Scalper

We were walking down by the Comerica Theatre in Phoenix when we saw two middle-aged men, both white, riding bikes in circles on the sidewalk. One of them was riding a Dahon folding bike with 20 inch wheels. Carol has been looking at Dahons on Craigslist, so she asked the man how he liked the bike. The other man rode towards some people walking towards the theatre and asked if they wanted tickets, and then I noticed the man we were talking to had tickets in his hand. He knew a lot about bikes, and, like Carol, he regularly checks Craigslist for used bikes. The two of them compared notes on bikes they had seen for sale recently. He advised Carol not to get a Dahon, because they’re poorly made.

We got to talking about Phoenix, and the man on the bike said there just wasn’t much going on in downtown Phoenix. Restaurants, for example — he grew up in Portland, Oregon, where within a few blocks he had an unbelievable number of choices of restaurants, but in Phoenix there aren’t so many choices, and many of them are chain stores. I asked if there was any kind of bike culture, and he said there was not. not only that, but he said cars had no respect for bicyclists, and he had had more than a few close calls. What about jobs? we asked. His friend rode up at that point, and said most of the jobs in Phoenix were service jobs, paying seven-fifty or eleven dollars an hour.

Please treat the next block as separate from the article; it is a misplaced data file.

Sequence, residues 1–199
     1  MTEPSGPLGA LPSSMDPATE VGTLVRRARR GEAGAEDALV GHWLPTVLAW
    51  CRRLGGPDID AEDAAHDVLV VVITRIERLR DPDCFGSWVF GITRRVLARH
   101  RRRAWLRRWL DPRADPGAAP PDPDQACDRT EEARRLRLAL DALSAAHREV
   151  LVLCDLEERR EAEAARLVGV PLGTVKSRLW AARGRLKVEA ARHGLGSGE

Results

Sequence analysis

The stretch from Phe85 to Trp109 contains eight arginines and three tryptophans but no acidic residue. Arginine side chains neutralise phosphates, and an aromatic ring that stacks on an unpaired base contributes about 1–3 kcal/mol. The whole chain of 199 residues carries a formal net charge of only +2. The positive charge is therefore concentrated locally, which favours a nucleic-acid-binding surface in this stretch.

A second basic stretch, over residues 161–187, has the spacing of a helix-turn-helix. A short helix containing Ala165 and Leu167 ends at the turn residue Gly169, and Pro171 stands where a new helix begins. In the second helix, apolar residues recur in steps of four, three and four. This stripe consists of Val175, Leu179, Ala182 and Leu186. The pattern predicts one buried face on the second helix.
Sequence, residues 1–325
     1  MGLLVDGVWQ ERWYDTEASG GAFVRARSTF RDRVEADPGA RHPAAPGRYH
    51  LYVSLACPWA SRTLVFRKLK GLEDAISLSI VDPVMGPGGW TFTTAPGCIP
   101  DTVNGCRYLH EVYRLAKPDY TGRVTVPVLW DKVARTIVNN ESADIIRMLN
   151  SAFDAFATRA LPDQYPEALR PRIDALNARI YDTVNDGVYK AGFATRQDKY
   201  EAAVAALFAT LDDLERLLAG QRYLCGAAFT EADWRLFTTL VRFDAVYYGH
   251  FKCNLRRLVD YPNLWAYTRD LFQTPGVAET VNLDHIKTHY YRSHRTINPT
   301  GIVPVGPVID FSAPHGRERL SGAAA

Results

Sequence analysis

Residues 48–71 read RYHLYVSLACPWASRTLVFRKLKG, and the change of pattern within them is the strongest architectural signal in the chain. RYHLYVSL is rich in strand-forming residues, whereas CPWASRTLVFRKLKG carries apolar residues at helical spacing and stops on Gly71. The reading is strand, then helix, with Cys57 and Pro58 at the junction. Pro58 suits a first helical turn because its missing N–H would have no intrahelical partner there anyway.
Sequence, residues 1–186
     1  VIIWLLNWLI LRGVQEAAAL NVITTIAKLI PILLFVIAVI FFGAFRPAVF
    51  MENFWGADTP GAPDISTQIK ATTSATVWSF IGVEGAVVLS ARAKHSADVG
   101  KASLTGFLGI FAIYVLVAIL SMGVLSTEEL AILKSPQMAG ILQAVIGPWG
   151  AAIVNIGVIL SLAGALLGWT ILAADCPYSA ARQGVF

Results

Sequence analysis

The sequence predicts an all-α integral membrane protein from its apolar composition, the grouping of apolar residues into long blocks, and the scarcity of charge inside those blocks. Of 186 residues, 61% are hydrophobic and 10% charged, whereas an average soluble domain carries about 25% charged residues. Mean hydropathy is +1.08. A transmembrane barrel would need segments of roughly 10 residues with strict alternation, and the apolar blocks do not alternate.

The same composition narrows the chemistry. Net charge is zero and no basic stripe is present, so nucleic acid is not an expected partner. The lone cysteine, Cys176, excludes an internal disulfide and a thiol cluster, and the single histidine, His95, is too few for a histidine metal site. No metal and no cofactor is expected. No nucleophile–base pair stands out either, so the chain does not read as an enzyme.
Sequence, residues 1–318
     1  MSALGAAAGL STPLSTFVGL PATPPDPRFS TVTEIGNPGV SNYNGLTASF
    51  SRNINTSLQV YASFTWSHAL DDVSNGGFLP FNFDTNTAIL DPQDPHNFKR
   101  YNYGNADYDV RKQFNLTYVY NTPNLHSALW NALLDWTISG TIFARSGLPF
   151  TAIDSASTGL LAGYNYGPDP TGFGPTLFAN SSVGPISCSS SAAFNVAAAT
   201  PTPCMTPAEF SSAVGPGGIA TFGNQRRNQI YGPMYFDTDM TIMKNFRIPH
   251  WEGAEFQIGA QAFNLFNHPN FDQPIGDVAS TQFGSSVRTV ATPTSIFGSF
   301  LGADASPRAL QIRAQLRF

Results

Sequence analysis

Someone walked up looking for tickets, and the other man turned away to talk with them. The first man said he had come to Phoenix in the late 1990s, and he gave the impression that he wished he had never left Portland. One thing about Phoenix, he said, was that even though wages are low it was cheap to live here. But that meant it was hard to move anywhere else, hard to save up enough money to move away. You could feel stuck here, he said.

But he did like monsoon season. We asked what that was like. He said that it came in July and August, and you’d look up at the sky and see dark clouds moving in, and soon they’d cover the sky, and then there would be thunder and lightning everywhere, heavy rain, water running a half inch deep on the streets, then in thirty minutes it would all be over. He said it was worth seeing, and it was something he’d never seen in Portland.

Then some more people walked up looking for tickets, so we said good bye, nice talking to you, and went on our way.

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